• Appeals must be filed within 60 days of the decision being questioned.

Rule 5:  Respond promptly – and carefully – to all review inquiries.

The SLD’s application and invoice review processes often generate questions that must be answered by applicants. Generally, these informational requests have a fifteen-day deadline. Ignoring an inquiry is not a good strategy. It can only lead to unilateral SLD action, guaranteed not to be in an applicant’s favor.

If inquiries are complicated, or will require additional time to respond to, the reviewers (or their team managers) can provide clarification (or additional time extensions). In our experience, reviewers from Program Integrity Assurance (“PIA”) are working diligently to approve applications.  Our advice is to work cooperatively with the reviewers.

Rule 6:  Procurement practices are important.

The recurring focus by Congress, the FCC, the SLD, and the press on alleged waste, fraud, and abuse in the E-rate program has increasingly led to new rules and to more intensive reviews dealing specifically procurement practices. There are two key considerations.

  • Services funded by E-rate must be cost-effective and must be competitively bid in a fair and open manner.
  • Applicants must be able to demonstrate that price is the most important factor in their bid analysis and vendor selection procedures.

Rule 7:  Carefully read all form certifications.

While it is tempting to fill out and submit E-rate forms without reading all of the certifications at the end of each, we encourage applicants to read them closely. The correct response to every Yes/No certification is not automatically “Yes.”

The E-rate program’s administrators place great credence in these certifications and there are civil and criminal penalties for violating them. The certifications provide an excellent summary of major program rules, particularly those dealing with issues of waste, fraud, and abuse, which are the focus of the program’s compliance efforts.

Rule 8:  Maintain records for at least ten years.

E-rate rules require the retention of documents for a minimum of ten years beyond the last date to receive service. Since this “last date” is well after the start of the procurement and application cycles, documents on these aspects of E-rate must actually be retained for twelve years or more.  As a practical rule of thumb, don’t discard any E-rate material — ever!

The retention requirements are quite detailed, going well beyond simply keeping copies of E-rate forms. Documentation is required for discount rate calculations, CIPA compliance, RFPs, all records related to winning and losing bids, inventories, etc. Failure to produce these records can lead, and already has led, to formal actions to recover E-rate funds.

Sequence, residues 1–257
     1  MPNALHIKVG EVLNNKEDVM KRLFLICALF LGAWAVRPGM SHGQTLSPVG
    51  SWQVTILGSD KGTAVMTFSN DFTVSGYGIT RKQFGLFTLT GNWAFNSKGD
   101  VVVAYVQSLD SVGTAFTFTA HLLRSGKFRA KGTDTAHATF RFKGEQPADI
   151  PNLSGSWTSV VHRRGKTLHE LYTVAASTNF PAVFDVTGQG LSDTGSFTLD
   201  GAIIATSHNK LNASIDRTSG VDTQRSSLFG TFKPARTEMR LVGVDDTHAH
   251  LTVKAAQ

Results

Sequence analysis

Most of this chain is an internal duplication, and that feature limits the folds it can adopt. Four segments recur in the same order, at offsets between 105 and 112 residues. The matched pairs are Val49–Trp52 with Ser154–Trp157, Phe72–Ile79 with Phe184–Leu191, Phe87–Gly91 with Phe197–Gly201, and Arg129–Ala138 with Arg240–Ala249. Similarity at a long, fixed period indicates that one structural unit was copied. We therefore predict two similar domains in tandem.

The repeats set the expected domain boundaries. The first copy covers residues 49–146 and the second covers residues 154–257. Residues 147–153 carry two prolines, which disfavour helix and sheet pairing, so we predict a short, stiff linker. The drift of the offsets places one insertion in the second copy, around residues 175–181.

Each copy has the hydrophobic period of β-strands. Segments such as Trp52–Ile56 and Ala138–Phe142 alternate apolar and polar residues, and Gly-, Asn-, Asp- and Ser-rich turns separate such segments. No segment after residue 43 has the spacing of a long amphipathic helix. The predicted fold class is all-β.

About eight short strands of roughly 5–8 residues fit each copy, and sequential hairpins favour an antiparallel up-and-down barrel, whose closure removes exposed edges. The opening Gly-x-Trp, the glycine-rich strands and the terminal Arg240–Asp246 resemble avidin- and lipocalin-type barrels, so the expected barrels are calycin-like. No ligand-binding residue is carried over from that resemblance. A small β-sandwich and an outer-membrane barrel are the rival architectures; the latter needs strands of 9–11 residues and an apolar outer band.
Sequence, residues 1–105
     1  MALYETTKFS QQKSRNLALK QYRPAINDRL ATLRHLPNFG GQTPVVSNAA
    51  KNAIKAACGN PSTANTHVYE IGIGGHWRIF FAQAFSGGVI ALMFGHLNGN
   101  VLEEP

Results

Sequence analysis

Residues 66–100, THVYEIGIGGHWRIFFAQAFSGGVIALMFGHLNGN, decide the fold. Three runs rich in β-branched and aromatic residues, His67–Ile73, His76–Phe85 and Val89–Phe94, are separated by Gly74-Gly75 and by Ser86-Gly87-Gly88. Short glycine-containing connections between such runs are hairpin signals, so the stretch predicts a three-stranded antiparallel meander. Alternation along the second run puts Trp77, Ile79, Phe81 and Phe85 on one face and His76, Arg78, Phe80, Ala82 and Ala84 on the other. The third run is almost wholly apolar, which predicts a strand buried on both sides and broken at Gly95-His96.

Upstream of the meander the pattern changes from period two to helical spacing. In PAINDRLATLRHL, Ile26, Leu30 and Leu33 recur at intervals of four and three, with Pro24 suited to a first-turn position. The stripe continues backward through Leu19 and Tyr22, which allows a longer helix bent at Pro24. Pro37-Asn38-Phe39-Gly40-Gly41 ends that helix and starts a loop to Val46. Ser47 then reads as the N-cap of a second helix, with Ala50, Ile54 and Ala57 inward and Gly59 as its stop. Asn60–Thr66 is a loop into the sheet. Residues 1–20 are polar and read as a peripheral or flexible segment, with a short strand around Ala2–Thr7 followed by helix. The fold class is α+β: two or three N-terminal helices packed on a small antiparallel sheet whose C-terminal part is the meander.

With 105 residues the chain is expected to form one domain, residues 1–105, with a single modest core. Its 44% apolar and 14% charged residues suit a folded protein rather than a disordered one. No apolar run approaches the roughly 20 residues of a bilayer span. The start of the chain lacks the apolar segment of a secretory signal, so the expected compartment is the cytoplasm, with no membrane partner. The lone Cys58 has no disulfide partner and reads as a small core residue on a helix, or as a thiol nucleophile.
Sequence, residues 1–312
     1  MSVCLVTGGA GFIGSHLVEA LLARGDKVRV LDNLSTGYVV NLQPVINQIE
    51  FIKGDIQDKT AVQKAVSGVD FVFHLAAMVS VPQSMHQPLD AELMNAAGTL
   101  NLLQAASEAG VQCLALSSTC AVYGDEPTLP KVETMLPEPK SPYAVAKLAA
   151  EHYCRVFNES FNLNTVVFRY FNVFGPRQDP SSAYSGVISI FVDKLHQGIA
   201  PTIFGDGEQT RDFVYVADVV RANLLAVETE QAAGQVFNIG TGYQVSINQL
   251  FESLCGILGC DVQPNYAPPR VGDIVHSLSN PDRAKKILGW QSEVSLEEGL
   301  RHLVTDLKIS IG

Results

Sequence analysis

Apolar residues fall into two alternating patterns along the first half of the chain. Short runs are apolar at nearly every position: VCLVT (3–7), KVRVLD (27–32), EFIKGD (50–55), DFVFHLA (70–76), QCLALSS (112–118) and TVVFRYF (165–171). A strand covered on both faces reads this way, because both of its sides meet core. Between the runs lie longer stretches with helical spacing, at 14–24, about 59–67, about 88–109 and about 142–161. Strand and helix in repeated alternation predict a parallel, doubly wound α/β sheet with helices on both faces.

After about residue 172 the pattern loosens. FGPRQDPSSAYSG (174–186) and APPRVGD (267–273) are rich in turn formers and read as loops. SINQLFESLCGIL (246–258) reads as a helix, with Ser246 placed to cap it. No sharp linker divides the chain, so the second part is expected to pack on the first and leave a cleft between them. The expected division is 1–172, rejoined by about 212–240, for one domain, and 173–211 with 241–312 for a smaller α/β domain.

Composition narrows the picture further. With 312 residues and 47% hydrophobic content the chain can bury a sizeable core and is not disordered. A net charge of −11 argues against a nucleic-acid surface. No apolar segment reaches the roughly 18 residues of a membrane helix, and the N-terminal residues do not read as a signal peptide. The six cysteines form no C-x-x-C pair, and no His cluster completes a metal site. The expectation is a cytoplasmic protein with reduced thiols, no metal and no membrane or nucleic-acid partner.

Rule 9:  Don’t forget to invoice.

The E-rate program is like a technology-centric mail-in rebate.  You must purchase qualifying services or hardware within a specific time period.  Receiving your Funding Decision Commitment Letter merely reserves the money for you.  You must claim your rebate directly from USAC using the Online BEAR system unless you are receiving discounted bills from your service providers.

Rule 10:  Know when you need help and where to turn for it.

Many applicants are fully capable and willing to manage all aspects of their E-rate applications. However, as the program has become more complex and as more applicants have experienced funding difficulties in one year or another, more and more are using or looking for outside assistance. Here are a few tips for getting help:

  • For answers to specific questions, the first place to turn is to the SLD. Questions can be submitted by phone (888-203-8100) or within EPC as a Customer Service Case.  
  • Most states have State E-rate Coordinators which are available to help their school and library applicants (see State Information).
  • Many vendors are quite knowledgeable about E-rate, but vendor assistance must be used with the utmost of care. Any vendor involvement in the E-rate process prior to the awarding of bids is highly suspect. The burden of proof is on the applicant and vendor to show how such E‑rate support did not unfairly prejudice the bidding process. Once a contract is awarded, however, vendors can be quite helpful in preparing Form 471 line item templates and in supporting subsequent invoicing activities.
  • We are seeing, both in our own business and more broadly, a growing trend to use independent E-rate consultants either to assist on or oversee particular aspects of the E-rate process, or to take over primary responsibility for forms processing (much like a good tax preparer works with its clients). Applicants choosing this approach should make sure that their consultants are truly independent. For E-rate purposes, a consultant with a stake in a particular vendor’s business success has a potential conflict of interest which will be looked at closely by the SLD.